Paul begins his first letter to the Corinthians with a plea for unity."I appeal to you, brothers and sisters, . . .” he writes, “that all of you agree with one another ..and that there be no divisions among you, but that you be perfectly united in word and thought." (1 Cor 1:10) We might ask ourselves what caused the divisions in Corinth. A ll we know is what Paul tells us: “One of you says, 'I follow Paul'; another, 'I follow Apollos, another, 'I follow Cephas,' still another, 'I follow Christ,'" (1 Cor 1:12). What likely goes without being said for us is that the church was divided either theologically or over devotion to different personalities. These are two common causes of church divisions in the West. We tend to fall out along doctrinal lines or because we are drawn to one one charismatic pastor over another.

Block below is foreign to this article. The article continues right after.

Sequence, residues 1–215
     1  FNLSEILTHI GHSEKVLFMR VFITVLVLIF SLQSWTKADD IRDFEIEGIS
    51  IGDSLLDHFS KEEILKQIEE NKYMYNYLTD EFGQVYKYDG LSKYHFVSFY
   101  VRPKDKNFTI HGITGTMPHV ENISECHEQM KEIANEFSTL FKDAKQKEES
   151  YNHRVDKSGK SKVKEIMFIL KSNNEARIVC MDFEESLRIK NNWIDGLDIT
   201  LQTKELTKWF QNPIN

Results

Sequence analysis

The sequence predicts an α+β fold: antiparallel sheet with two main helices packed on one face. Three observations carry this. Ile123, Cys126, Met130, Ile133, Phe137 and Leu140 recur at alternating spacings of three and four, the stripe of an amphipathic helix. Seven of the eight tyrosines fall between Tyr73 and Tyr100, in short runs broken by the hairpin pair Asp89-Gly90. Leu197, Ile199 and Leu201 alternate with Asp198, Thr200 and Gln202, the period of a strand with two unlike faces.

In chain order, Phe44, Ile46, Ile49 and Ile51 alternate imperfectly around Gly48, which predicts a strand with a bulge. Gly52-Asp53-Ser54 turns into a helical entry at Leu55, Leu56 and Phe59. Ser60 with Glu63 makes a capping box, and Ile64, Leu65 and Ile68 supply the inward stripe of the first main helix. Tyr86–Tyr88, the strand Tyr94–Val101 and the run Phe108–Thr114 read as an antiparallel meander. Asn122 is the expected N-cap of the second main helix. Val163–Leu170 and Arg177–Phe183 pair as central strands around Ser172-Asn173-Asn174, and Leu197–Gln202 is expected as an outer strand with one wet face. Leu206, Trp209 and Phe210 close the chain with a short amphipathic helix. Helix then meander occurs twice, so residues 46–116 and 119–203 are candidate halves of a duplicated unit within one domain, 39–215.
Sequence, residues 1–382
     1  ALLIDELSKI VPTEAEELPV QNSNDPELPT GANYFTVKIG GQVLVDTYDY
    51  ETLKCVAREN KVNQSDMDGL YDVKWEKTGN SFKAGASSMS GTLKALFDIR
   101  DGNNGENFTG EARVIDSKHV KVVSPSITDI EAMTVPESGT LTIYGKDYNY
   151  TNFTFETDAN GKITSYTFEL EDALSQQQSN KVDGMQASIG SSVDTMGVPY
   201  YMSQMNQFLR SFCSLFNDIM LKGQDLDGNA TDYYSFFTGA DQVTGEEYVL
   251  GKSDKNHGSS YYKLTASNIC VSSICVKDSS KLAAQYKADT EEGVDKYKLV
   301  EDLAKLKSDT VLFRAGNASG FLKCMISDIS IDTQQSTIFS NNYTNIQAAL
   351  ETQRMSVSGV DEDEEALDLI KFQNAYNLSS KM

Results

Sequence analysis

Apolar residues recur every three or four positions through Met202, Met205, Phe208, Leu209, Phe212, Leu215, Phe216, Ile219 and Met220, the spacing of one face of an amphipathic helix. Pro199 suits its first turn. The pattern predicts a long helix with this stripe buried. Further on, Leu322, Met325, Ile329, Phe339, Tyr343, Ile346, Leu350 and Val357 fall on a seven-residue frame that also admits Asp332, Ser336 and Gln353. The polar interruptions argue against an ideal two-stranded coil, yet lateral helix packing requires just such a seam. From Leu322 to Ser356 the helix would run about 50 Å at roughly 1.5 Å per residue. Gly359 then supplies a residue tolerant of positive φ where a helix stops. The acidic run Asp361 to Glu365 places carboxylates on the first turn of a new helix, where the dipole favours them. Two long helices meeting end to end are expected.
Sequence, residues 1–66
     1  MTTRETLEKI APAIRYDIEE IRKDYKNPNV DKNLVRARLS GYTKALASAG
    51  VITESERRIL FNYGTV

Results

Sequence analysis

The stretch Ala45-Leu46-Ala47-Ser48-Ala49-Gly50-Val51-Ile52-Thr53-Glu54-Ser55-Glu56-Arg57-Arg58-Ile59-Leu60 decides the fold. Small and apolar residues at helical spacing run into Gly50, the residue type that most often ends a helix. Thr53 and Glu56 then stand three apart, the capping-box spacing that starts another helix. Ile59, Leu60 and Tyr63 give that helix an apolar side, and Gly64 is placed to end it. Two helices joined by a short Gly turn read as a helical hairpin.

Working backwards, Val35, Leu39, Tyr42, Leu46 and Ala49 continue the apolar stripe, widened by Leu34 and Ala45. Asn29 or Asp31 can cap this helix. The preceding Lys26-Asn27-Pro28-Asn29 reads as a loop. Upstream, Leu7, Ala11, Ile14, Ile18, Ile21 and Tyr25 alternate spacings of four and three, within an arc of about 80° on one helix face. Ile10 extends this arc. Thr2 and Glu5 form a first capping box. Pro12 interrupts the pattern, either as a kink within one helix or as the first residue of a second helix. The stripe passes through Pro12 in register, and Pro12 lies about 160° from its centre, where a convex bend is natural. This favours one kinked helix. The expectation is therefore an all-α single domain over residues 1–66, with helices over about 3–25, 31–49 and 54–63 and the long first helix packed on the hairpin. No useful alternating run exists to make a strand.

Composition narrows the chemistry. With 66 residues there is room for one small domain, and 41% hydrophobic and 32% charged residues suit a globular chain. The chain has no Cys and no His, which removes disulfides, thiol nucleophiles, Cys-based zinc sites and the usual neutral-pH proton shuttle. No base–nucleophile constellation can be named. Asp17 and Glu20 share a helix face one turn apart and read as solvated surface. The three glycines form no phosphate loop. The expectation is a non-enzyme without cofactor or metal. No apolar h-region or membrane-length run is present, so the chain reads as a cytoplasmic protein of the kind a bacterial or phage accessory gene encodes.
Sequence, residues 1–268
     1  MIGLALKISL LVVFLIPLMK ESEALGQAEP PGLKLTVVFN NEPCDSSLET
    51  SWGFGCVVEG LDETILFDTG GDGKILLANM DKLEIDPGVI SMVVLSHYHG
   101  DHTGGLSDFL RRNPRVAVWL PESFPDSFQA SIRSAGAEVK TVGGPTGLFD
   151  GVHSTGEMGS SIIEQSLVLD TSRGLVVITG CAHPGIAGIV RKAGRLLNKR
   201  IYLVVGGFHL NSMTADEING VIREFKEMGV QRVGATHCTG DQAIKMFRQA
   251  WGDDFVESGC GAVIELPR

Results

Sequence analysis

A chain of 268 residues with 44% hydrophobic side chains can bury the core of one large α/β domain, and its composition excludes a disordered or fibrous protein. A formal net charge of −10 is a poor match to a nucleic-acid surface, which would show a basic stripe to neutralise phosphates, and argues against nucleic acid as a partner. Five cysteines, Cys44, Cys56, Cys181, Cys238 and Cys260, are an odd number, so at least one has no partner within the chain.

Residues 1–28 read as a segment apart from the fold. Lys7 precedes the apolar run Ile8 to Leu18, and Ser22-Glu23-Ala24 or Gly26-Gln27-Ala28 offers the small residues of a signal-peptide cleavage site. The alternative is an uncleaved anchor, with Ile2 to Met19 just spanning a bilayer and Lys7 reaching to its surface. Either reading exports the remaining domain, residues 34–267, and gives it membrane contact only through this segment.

It is possible, though that the divisions among churches were not theological. We may be failing to note ethnic markers that Paul sprinkled all over the text. Apollos was noted as an Alexandrian (Egyptian) Jew (Acts 18:24) They had their own reputation. Paul notes that Peter is called by his Aramaic name, Cephas, suggesting the group that followed him spoke Aramaic and were thus Palestinian Jews. Paul's church had Diaspora Jews but also many ethnic Corinthians, who were quite proud of their status as residents of a Roman colony and enjoyed using Latin. This may explain why Paul doesn't address any theological differences. There weren't any. The problem was ethnic division: Aramaic-speaking Jews, Greek-speaking Jews, Romans and Alexandrians. - "Misreading Scripture with Western Eyes" by E. Randolph Richards and Brandon J. O'Brien, p. 66
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